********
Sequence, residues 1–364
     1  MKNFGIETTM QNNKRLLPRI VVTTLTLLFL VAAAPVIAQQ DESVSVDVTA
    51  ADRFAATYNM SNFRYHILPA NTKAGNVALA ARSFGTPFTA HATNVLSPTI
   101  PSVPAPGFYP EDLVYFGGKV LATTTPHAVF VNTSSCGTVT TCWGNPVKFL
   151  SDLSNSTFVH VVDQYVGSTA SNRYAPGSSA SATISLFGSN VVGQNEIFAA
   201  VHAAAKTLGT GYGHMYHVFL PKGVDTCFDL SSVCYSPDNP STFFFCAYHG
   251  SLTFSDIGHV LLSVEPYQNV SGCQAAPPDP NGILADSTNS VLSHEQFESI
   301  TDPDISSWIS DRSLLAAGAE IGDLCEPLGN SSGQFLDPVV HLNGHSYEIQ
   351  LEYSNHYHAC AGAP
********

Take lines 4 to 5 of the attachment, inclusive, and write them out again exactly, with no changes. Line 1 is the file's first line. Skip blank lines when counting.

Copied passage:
   101  PSVPAPGFYP EDLVYFGGKV LATTTPHAVF VNTSSCGTVT TCWGNPVKFL
   151  SDLSNSTFVH VVDQYVGSTA SNRYAPGSSA SATISLFGSN VVGQNEIFAA